“Spirituality is man’s relationship with the Divine. Religion is crowd control.” Succinctly, that’s the difference between the spiritual and the religious. The two aren’t merely dissimilar. They’re often polar opposites.
Religion is about commandments. Much stupidity and cruelty in the name of religion stems from misinterpretation of scriptures. A story explains this. A village blacksmith found an apprentice, willing to work hard, at low pay. He began instructions. “When I take the metal out of the fire and keep it on the anvil, I will nod my head. Then hit it with the hammer.” The apprentice did what he thought he heard. The next day, the village had to find a new blacksmith.
However, spirituality is all about forgiveness and acceptance. Hafiz explains, “People fall in love, I fell into God.” A priest, a godly man, once told a lie. It troubled him endlessly and he wept copiously for his sin. A saint, who could converse with God, was passing by. The priest begged him, “Please tell God I’m sorry for my sin.” The next day he asked eagerly, “Did God reply?” “Indeed! He said, “I’ve forgotten it. Why does he remember?”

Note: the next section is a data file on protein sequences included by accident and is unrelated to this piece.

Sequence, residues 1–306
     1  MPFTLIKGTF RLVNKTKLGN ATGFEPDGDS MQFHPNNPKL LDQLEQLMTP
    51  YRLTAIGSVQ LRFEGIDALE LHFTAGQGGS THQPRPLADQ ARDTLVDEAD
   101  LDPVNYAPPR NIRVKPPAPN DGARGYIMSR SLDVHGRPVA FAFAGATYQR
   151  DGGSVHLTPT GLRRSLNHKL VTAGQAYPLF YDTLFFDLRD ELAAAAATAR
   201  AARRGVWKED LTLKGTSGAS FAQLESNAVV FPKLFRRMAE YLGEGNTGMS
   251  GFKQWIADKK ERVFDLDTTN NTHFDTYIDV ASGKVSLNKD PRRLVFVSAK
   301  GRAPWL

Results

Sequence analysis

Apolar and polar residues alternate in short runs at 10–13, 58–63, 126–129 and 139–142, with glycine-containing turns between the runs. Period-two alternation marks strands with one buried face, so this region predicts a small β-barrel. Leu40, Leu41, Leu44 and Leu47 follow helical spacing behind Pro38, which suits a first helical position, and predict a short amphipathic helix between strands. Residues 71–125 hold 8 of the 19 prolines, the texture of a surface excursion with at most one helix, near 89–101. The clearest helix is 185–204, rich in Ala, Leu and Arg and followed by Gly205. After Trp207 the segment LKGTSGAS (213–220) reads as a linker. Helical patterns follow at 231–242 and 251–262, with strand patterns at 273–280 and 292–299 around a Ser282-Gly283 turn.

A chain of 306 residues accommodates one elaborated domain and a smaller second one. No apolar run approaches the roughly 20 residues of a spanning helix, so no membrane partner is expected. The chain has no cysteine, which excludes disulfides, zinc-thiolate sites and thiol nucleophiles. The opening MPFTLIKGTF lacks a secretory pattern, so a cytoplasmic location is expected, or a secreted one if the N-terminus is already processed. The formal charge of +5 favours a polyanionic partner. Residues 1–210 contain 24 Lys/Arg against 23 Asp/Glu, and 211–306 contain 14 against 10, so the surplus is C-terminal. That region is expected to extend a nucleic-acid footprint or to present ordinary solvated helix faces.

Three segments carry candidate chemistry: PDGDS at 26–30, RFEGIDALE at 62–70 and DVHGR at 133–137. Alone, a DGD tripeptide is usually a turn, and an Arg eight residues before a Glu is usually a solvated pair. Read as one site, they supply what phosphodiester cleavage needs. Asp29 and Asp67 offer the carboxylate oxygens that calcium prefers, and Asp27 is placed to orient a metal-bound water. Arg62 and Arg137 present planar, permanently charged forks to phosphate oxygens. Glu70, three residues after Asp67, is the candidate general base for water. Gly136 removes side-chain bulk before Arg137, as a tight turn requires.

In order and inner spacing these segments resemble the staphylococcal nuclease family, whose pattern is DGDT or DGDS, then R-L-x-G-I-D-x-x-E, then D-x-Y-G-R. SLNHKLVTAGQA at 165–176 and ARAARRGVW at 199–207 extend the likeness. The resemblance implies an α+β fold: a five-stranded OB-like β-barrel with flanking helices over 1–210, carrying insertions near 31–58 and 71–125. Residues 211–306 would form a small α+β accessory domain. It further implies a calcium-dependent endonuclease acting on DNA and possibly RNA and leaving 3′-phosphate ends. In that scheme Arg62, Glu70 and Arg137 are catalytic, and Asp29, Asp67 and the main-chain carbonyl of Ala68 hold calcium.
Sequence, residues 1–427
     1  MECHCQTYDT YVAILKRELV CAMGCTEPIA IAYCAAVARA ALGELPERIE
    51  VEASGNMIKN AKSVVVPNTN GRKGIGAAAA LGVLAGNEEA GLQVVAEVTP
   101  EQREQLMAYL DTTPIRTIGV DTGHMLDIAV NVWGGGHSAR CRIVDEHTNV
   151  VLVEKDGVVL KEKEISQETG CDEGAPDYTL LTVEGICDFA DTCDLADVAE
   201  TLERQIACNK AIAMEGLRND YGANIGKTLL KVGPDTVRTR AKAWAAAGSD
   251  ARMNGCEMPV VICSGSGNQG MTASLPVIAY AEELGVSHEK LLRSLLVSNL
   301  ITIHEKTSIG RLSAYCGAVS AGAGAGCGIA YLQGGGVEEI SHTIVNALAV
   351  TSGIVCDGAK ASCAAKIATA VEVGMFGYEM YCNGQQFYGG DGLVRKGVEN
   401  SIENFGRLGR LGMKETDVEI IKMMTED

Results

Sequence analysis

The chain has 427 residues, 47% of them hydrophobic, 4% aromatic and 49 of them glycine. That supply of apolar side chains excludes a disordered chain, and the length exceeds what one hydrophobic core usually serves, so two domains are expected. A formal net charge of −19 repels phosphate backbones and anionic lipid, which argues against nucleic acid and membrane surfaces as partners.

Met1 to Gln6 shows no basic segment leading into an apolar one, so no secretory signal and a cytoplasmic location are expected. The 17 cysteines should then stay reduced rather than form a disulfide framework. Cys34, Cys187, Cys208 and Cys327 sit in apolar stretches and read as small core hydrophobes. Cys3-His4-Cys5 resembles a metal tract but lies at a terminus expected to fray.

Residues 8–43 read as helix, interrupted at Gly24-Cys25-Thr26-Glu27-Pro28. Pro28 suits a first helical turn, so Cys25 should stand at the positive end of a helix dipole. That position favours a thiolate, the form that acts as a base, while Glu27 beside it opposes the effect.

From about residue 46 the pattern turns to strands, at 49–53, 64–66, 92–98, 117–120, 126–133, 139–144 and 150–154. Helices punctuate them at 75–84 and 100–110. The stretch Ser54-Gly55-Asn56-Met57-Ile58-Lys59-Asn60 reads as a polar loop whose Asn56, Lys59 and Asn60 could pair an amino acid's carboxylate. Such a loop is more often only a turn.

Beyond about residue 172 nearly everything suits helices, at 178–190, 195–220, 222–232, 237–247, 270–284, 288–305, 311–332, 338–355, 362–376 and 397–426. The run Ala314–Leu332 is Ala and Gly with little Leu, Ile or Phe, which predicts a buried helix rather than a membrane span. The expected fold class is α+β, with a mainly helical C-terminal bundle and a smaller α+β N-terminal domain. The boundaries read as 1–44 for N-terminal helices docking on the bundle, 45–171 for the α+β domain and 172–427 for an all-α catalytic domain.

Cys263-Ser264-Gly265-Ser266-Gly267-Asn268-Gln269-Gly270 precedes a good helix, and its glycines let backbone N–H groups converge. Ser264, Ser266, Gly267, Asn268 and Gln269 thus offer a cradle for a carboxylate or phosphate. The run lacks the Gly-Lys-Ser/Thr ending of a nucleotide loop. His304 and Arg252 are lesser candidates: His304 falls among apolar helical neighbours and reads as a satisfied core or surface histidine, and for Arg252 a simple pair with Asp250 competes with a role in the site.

To its followers, religion seems to advocate abstinence, at all times. A priest, who supported celibacy, died. Soon after, his disciple too died. In heaven, imagine his surprise when he saw his Master with an extraordinarily beautiful woman on his lap. “Congratulations!” he greeted him. “God is indeed just. What a compensation for your penance!” “Idiot!” scolded the Master. “I’m not being rewarded. She’s being punished.”
Spirituality however is inclusive of all experiences, seeing God’s presence everywhere. Kabir avers, “What good if your saffron robes fill you with pride, but you’re colourless inside? Or you maintain silence, when there’s no music within?” The Master, to the shock of newcomers, enjoyed the good things of life too much to be termed holy. They found it hard to appreciate his sheer ordinariness and complete humanity. Finally, when they met him, wineglass in hand, they were compelled to question him. He replied, “When God makes a Master, he does not unmake the man.” A Sufi saint summed it up. “A good-natured sensualist,” he said, “is far better than a bad-tempered saint.”